Key for UVA’s defense is to stop run, take away Cunningham’s deep throws

By Jerry Ratcliffe

Louisville quarterback Micale Cunningham is chased by NC State defenders (Photo: gocards.com).

Virginia defensive coordinator Nick Howell knows how explosive Louisville quarterback Malik Cunningham can be.

Two weeks ago, Cunningham lit up Virginia Tech’s defense for a career-high 350 yards and three touchdowns in rallying the Cardinals from a 21-0 deficit. Louisville lost the game, 42-35, in part to three Cunningham interceptions, but the dual-threat quarterback proved he is a force to be dealt with.

In fact, over his last two games, Cunningham has passed for 628 yards while completing 66 percent of his throws. He doesn’t run quite as much as he has in the past, but the Louisville gun slinger is particularly dangerous on his deep throws to talented, experienced receivers Tutu Atwell and Dez Fitzpatrick.

That’s bad news for Howell and UVA’s defense, which is ranked at the very bottom of the 15-team ACC in pass defense. The Cavaliers are giving up 310 yards per game through the air, mostly due to a hobbled secondary.

Two of Virginia’s most experienced defensive backs, Joey Blount and Brenton Nelson, have missed most of the last three games after suffering injuries early in the Wake Forest loss. Opposing quarterbacks have taken advantage of the inexperienced replacements, including UNC’s Sam Howell, who threw for 443 yards and four TDs against the Cavaliers a few weeks ago in the Cavaliers’ last outing.

Howell said this week that his biggest challenge is to decide how to cover and contain Cunningham. If he decides his defense should sit back in zones, then it will give Cunningham an opportunity to run for yardage. Should he decide to play man-to-man coverage, then Cunningham can throw the ball.

That’s why UVA must shut down Louisville’s running attack, which features Javian Hawkins, who is averaging 6.2 yards per carry and already has 822 yards rushing this season (seven TDs). While Cunningham has run the ball less, he still has 72 attempts for 220 yards and a 3.1 average.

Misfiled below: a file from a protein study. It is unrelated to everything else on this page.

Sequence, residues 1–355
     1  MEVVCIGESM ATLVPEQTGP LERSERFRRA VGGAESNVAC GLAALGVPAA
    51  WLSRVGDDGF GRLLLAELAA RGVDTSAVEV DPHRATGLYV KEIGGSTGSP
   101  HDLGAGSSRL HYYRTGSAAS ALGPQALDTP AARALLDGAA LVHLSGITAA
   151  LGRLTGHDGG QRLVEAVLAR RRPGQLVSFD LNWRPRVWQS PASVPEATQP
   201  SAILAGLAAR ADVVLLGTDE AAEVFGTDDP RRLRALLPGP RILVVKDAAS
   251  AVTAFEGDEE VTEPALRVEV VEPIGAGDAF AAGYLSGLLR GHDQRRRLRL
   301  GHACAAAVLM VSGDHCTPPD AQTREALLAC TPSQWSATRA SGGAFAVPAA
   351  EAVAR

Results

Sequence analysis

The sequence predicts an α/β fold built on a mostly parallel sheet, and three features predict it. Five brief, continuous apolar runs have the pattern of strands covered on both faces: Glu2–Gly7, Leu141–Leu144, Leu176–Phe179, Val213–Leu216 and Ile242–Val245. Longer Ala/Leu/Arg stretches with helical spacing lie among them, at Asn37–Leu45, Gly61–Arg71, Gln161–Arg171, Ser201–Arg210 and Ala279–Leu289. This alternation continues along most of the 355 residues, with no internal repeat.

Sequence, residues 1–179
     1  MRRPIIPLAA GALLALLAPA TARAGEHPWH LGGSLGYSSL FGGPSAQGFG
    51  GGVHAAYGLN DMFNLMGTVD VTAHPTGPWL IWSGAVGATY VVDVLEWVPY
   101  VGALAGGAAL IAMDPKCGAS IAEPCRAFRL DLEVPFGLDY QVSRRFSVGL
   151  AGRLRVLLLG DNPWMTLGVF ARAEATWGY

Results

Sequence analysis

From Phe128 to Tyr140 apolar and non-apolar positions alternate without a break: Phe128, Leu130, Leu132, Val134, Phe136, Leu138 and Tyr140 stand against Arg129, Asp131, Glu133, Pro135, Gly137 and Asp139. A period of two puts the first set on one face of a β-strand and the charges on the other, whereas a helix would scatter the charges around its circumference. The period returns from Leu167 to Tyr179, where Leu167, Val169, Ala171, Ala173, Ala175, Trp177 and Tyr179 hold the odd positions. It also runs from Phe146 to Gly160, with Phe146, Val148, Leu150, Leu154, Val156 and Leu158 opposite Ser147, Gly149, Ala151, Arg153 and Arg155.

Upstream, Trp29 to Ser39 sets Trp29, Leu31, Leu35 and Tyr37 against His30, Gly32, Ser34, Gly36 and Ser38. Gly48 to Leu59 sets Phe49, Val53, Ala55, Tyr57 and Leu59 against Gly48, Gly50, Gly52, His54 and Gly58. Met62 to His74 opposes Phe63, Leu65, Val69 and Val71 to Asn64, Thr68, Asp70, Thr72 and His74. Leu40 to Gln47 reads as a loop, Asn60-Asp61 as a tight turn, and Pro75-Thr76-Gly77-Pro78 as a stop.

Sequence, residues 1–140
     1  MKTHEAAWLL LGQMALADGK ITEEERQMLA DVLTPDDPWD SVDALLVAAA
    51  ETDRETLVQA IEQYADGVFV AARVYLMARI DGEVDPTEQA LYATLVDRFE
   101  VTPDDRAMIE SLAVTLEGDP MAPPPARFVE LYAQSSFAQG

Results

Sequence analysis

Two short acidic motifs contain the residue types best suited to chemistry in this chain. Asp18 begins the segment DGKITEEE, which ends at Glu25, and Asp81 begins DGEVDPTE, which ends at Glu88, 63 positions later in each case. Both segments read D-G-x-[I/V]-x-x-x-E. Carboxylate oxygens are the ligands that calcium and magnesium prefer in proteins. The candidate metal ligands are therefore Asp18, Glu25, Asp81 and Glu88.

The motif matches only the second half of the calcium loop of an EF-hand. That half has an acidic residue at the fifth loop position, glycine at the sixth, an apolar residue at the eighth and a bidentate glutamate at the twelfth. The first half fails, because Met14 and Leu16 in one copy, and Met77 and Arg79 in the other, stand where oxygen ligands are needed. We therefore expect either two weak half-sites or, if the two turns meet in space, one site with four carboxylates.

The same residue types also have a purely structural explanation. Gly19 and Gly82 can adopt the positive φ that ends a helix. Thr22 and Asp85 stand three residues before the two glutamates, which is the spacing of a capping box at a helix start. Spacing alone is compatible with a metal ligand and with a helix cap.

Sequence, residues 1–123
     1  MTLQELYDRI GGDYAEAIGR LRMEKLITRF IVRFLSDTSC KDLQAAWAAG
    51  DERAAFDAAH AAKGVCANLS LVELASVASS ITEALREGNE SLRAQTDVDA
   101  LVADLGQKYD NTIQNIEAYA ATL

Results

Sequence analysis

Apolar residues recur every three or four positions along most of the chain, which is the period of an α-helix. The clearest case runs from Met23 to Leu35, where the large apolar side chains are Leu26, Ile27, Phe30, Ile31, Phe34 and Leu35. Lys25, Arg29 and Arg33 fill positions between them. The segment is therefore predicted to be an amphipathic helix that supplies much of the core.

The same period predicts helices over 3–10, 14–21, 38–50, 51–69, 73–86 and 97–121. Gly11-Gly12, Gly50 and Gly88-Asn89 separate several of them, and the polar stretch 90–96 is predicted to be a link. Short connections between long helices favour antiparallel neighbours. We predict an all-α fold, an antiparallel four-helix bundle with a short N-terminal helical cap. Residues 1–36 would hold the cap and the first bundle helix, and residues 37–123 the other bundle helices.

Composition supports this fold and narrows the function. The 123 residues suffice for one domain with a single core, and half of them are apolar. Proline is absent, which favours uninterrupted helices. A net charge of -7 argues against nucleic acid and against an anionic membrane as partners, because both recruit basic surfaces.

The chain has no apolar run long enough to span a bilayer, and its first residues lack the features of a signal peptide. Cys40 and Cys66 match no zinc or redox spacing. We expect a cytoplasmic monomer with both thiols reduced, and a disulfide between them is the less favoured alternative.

If the Cavaliers front seven can control the line of scrimmage and hold Hawkins intact, then Cunningham will not be able to take advantage of the Cardinals play-action, which Howell described as “exceptional.”

It will definitely be a game of checkers as Howell may call for what he calls “extra hats” (bringing up safeties) to stop the run. If Louisville can’t run the ball, that essentially eliminates Cunningham’s play-action and forces him to beat Virginia with his arm, which he is more than capable of doing.

Meanwhile, the very aggressive Howell will have to weigh home much blitzing he will do in order to pressure Cunningham into bad throws. He was picked off three times by the Hokies two weeks ago, and Louisville has been turnover prone most of the season.

The good news for Howell is that he’s had an extra week of preparation to research and game plan against Cunningham & Co.

Virginia and Louisville opened as a pick ‘em in the betting world, but the Cavaliers have since become a 3-½ to 4-point favorite.

A win would boost UVA to 3-4 on the season (3-4) in the ACC, and give the Cavaliers an opportunity to get to .500 next week against nonconference foe Abilene Christian. The remainder of the Cavaliers schedule includes a road game to Florida State, a home closer against Boston College on Dec. 5, then a regular season ending against rival Virginia Tech in Blacksburg on Dec. 12.

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